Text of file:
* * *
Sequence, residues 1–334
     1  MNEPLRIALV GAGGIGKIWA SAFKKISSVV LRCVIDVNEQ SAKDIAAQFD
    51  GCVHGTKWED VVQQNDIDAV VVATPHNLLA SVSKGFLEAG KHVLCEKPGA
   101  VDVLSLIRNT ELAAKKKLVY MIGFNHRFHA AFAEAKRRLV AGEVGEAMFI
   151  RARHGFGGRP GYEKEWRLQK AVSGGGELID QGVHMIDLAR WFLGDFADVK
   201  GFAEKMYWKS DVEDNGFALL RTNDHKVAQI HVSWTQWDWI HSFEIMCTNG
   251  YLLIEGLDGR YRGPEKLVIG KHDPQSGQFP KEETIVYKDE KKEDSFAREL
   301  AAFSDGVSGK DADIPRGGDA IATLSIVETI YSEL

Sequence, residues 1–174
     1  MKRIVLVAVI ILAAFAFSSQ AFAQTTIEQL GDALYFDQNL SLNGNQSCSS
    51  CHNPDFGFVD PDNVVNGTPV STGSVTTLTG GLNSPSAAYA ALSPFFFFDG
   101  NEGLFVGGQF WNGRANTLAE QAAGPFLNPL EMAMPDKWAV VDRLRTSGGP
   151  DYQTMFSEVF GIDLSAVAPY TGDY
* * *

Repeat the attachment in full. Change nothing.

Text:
Sequence, residues 1–334
     1  MNEPLRIALV GAGGIGKIWA SAFKKISSVV LRCVIDVNEQ SAKDIAAQFD
    51  GCVHGTKWED VVQQNDIDAV VVATPHNLLA SVSKGFLEAG KHVLCEKPGA
   101  VDVLSLIRNT ELAAKKKLVY MIGFNHRFHA AFAEAKRRLV AGEVGEAMFI
   151  RARHGFGGRP GYEKEWRLQK AVSGGGELID QGVHMIDLAR WFLGDFADVK
   201  GFAEKMYWKS DVEDNGFALL RTNDHKVAQI HVSWTQWDWI HSFEIMCTNG
   251  YLLIEGLDGR YRGPEKLVIG KHDPQSGQFP KEETIVYKDE KKEDSFAREL
   301  AAFSDGVSGK DADIPRGGDA IATLSIVETI YSEL

Sequence, residues 1–174
     1  MKRIVLVAVI ILAAFAFSSQ AFAQTTIEQL GDALYFDQNL SLNGNQSCSS
    51  CHNPDFGFVD PDNVVNGTPV STGSVTTLTG GLNSPSAAYA ALSPFFFFDG
   101  NEGLFVGGQF WNGRANTLAE QAAGPFLNPL EMAMPDKWAV VDRLRTSGGP
   151  DYQTMFSEVF GIDLSAVAPY TGDY